Hermione Granger

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On November 16, 2018, Hermione Granger commented on Adidas’s Race to be #1 in 3D Printing :

Great post. It’s very interesting that 3-D printing can have such a meaningful impact on their supply chain. It seems in line with the market trends of personalization and supporting local. If they can successfully implement consistently, this could really inspire other companies to jump on the bandwagon of 3-D printing, which will be when things really start to change.

On November 16, 2018, Hermione Granger commented on Future X and Open Innovation at Nokia :

Great article. Cyber Security considerations are very important, especially in tech and IOT. As Nokia continues to think about these areas I think it will be important for them to keep in mind that although it can be helpful to collect as much data as possible through new technologies, this should not be done at the expense of the customer experience, else risk losing these customers and hence the data. I hope that Nokia is able to retain principles like these around customer-centric products as they continue to use open innovation.

On November 16, 2018, Hermione Granger commented on Block by Block: Harnessing Open Innovation at The LEGO Group :

The second question is very interesting – It seems unrealistic that Lego would understand the external knowledge of it’s users in perpetuity. It seems much more sustainable to rely on the actual end-users (who you know will always be there) rather than a product visionary (who may easily guess things incorrectly). Although releasing control to user feedback may appear as weakness, it seems as though it is the necessary and sustainable path.

Very interesting and important. I’ll be very curious to understand how the government and policies adjust to the new normal where original equipment manufacturers (OEMs) have such a monopoly of the understanding of the manufacturing of goods critical to government operations, particularly in the military. This seems like a change of power that will have cascading effects.

On November 15, 2018, Hermione Granger commented on ExxonMobil(ize) on Climate Change? :

Very interesting read. The moral question at hand of duties to the environment and consumer are complicated but also simple in some ways. On the environment specifically, I like to believe organizations should strive to leave the planet in a better place than when they left it. In the energy sector, this is particularly important as not prioritizing the environment can lead to especially serious consequences.

On November 15, 2018, Hermione Granger commented on Machine Learning in Credit Assessment at Capital One :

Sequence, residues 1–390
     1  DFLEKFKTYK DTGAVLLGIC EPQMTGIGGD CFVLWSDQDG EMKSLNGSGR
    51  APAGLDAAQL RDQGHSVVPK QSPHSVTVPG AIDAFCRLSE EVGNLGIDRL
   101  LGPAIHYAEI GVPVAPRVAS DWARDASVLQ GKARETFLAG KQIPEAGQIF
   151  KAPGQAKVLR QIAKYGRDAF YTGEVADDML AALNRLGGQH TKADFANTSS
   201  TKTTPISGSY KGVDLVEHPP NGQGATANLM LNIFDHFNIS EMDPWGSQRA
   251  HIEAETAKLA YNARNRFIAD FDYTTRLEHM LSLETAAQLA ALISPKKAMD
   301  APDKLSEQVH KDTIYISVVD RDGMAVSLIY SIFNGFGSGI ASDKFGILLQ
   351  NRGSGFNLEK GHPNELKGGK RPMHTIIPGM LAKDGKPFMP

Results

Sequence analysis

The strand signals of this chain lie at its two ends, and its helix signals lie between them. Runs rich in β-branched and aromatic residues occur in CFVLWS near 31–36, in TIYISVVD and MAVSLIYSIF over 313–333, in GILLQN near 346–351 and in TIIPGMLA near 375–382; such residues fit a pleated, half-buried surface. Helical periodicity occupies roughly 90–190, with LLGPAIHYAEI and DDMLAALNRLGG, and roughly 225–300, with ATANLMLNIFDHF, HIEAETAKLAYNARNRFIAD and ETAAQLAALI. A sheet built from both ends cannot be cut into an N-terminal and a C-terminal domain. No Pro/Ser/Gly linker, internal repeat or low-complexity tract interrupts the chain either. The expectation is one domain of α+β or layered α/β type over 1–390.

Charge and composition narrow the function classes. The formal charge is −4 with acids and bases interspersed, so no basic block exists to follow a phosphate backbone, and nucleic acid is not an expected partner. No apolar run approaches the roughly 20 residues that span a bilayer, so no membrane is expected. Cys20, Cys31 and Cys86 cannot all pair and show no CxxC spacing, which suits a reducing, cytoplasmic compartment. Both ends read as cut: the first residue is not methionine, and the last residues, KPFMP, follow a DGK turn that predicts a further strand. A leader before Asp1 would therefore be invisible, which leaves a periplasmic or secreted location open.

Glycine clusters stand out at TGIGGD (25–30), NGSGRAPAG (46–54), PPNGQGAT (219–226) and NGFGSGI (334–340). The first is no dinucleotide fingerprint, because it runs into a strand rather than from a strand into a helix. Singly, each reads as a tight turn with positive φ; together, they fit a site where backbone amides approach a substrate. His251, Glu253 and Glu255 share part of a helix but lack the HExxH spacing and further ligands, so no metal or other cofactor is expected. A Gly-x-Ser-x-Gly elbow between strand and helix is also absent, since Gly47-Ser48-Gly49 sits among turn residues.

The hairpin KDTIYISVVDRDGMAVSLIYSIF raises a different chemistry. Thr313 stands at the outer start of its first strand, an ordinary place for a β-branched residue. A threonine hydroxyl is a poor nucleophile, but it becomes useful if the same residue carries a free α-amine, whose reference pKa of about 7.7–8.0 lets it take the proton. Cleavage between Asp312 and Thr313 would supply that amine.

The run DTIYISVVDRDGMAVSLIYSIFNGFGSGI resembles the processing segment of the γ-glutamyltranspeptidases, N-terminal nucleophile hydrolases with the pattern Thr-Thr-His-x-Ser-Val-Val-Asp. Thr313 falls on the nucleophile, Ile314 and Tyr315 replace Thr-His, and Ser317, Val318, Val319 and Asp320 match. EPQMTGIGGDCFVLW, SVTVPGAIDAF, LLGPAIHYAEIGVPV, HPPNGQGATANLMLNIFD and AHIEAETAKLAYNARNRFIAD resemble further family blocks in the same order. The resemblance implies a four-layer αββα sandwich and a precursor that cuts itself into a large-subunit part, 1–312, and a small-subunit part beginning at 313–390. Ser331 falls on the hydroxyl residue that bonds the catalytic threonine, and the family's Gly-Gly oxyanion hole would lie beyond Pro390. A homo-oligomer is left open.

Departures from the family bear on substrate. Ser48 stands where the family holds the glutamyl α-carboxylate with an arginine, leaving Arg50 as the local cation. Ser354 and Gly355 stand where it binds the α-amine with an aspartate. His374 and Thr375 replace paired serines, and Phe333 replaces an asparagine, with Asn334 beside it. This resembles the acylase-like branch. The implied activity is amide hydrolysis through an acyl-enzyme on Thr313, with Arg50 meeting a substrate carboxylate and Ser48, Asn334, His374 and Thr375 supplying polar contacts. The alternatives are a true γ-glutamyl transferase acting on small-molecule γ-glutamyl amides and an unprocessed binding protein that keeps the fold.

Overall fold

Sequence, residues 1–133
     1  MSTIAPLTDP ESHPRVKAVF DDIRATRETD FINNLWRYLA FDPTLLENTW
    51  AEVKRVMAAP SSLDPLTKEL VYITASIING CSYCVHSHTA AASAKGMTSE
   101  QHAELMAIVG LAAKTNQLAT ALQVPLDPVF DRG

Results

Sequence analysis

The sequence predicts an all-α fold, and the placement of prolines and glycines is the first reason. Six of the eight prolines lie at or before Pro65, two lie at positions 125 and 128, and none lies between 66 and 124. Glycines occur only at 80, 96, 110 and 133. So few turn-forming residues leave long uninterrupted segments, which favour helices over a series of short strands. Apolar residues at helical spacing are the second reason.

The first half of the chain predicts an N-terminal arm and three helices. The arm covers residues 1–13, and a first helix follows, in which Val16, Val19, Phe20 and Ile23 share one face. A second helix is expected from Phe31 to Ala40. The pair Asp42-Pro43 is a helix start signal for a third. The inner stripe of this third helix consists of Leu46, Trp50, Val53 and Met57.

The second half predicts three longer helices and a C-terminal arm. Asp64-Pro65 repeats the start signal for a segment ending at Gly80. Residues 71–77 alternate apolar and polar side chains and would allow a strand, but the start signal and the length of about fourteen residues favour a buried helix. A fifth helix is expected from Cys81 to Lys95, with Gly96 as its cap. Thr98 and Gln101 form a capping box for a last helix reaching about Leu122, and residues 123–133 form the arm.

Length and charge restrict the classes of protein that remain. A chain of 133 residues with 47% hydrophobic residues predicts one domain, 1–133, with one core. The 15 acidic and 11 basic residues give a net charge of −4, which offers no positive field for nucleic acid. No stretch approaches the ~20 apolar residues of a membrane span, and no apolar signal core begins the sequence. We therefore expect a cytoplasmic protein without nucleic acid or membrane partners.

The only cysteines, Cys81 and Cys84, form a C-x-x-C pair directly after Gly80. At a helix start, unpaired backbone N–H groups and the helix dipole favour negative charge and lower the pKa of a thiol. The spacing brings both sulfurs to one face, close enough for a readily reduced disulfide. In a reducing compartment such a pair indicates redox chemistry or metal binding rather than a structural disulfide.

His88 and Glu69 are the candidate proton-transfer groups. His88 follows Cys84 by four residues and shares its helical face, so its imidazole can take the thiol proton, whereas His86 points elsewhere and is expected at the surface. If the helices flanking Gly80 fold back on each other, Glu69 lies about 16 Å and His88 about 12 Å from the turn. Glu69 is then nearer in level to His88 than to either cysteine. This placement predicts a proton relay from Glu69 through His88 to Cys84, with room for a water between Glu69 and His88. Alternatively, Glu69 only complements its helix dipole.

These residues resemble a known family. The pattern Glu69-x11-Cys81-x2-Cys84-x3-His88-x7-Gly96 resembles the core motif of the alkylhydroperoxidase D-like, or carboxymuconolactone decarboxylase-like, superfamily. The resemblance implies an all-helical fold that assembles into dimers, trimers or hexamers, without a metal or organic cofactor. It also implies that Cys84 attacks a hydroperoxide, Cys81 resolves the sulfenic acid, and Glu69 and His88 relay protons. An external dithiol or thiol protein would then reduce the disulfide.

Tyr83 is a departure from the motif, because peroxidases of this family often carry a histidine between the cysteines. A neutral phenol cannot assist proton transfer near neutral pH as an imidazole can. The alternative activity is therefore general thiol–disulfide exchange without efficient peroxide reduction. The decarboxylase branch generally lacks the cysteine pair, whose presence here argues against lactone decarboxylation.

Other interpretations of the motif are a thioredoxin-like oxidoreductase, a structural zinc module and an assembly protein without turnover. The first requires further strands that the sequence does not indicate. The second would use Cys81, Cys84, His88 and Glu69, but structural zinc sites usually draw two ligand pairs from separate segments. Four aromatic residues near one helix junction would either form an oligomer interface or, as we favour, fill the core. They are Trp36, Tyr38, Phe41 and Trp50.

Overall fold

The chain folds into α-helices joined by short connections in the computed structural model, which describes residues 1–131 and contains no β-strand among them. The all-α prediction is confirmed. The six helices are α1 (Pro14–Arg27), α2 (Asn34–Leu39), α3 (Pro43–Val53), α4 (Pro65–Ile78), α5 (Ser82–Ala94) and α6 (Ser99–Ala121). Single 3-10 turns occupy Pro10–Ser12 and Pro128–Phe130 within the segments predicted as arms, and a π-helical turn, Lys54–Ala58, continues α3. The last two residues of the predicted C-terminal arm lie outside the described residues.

Great article! I love the idea of exploring machine learning to supporting inclusion initiatives. I wonder what type of activities and further benefits Capital One would be able to tap into by exploring these markets further. It seems as though machine learning would be an excellent avenue to accelerate financial inclusion by developing a better understanding of trends.

On November 15, 2018, Hermione Granger commented on Lemonade reinvents the insurance industry with machine learning :

Great article, Petra! My main thought when reading this is how Lemonade can create differentiators and barriers within its machine learning that other companies will not be able to copy-cat effectively. Is there certain data that they are able to gather more accurately? Does their current market give them a unique view? Or is their first-to-market advantage enough to maintain their position?

On November 15, 2018, Hermione Granger commented on Can Machine Learning predict, prevent and diagnose Diabetes effectively? :

Thanks for writing on the issue, disease detection, management, and treatment are very important. I feel similarly to Petra that I’m not entirely clear on how machine learning versus advanced data analytics plays into the future of diabetes. This is not to say that there is not a place for ML, but there are almost so many ways that this could go. I think many of the examples listed have opportunities to be turned into questions that would benefit from ML, however, I feel as though I may be missing the link between these two states.

This is a very relevant and interesting issue. Machine learning works well in improving when there are measures by which the algorithm can learn and improve by. This case presents a challenge as articles written as speculation or opinion will be hard to differentiate from factual news articles, and may even be subjective. It will be interesting to see how this nuance is handled as the algorithms further mature.

This is very interesting and clearly depicts a situation where Spotify must stay on their toes to stay ahead of the competition. They have created a competitive advantage but I believe that it will be difficult to sustain for many of the reasons you described. As machine learning is limited to the data provided, I think there are opportunities to try and protect this advantage by international partnerships (to Petra’s point) as well as partnering with alternative music venues such as Soundcloud, that host user-uploaded content and would bring even more varied data to their algorithms.